I have long been searching for a digital camera which would combine those special features a street shooter needs, and I have some claim to the appellation, much of my early work having been street photography, pure and simple. You can see the results of these Leica years in my book Street Smarts. What are those special features? Well, the camera must be small and unobtrusive. Quiet of course. Must have a 28mm or 35mm lens. Must have the shortest possible shutter delay. And it must have an optical viewfinder. Plus, of course, that elusive Leica lens.
Let me present the Leica DP, or the Leica Digital Panasonic:
I wasn’t about to wait for the much rumored digital Leica M. First, who knows when, if ever, it will be available. Second $5,000+ paid to a near-bankrupt company for a body with a cropped sensor, which makes my 35mm Summicron into a 46mm ersatz wide angle, is not my cup of tea. So when the Panasonic company released its Lumix LX1 I spent the last of my excess medium format gear proceeds and got one. Something tells me Panasonic will last longer than Leica and while not chump change, the $480 I paid beats the $5k or whatever that the Digital M will go for. The lens is a 28-112mm (I’m using 35mm full frame conventions here) zoom, f/2.8 at the widest setting, falling to f/4.9 at the long end. I had no desire for a zoom, but there was no alternative. What attracted me most to the camera was that it came in chrome (I like to look as amateur as possible) and boasted a very short shutter lag. The latter has been the bane of all but the most costly digital cameras. Sure, the 5D has a lag similar to a Leica M, but it’s hardly a low visibility candid camera.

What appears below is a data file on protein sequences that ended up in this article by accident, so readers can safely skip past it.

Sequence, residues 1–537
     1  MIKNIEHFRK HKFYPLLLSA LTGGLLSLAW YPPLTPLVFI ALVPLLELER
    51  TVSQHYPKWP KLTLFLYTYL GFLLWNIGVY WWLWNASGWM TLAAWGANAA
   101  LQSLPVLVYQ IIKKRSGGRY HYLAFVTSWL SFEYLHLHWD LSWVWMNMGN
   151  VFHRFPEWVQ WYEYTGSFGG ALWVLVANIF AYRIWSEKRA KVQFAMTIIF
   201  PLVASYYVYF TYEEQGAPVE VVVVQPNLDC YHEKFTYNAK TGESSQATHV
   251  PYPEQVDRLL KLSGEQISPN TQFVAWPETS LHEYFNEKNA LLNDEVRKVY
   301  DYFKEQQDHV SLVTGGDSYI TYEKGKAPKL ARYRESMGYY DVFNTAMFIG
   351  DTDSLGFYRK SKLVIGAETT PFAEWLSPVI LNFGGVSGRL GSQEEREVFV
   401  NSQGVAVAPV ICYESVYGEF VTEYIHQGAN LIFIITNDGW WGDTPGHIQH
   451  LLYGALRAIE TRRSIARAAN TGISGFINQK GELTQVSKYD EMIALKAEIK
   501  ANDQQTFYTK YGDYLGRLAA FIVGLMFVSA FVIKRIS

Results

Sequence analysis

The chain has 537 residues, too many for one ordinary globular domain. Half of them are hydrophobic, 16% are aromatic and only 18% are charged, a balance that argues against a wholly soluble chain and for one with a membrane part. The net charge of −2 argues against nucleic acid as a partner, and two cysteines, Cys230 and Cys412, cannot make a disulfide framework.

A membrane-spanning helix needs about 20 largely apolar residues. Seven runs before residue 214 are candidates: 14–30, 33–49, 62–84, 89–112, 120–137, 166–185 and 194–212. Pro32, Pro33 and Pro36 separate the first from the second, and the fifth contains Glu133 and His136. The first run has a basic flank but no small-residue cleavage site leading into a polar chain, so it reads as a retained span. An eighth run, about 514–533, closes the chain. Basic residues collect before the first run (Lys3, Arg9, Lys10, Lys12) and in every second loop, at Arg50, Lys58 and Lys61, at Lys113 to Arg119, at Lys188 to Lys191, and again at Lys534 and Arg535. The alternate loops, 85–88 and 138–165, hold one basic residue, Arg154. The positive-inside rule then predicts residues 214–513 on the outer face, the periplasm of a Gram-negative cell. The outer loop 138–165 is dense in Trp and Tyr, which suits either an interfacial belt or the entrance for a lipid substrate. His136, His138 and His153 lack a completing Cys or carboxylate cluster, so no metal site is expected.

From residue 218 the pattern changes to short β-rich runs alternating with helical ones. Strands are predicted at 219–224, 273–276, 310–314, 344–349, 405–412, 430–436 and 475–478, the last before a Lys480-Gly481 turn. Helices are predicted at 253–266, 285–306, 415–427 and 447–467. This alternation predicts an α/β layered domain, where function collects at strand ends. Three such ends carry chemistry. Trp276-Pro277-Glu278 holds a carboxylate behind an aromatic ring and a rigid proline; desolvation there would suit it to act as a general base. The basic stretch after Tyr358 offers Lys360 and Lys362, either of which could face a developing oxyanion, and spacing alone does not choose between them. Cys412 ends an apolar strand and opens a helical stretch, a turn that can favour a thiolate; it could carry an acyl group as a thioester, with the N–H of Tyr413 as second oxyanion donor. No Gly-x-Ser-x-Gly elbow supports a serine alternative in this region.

The biggest drawbacks were the lack of an optical viewfinder and reports that the sensor is very noisy. Well, an email to Cameraquest and $160 later saw a gorgeous Voigtlander 28mm optical viewfinder of bejeweled quality arrive in the mail. Some 3M Super Weatherstrip Adhesive and a few minutes of work saw the finder neatly glued to the top of the LX1, where it replicates the camera’s field of view pretty accurately at the widest setting of the lens. I was going to glue an accessory shoe to the top plate of the LX1 but the only useable space – between the mode dial and the pop-up flash – is so tight that I had to resort to simply gluing the finder directly to the top plate. By using weatherstrip adhesive the bond can be undone at any time with 3M Adhesive Remover, yet is robust enough that the integrity of the ensemble remains unthreatened. You can see just how tight the clearance is here: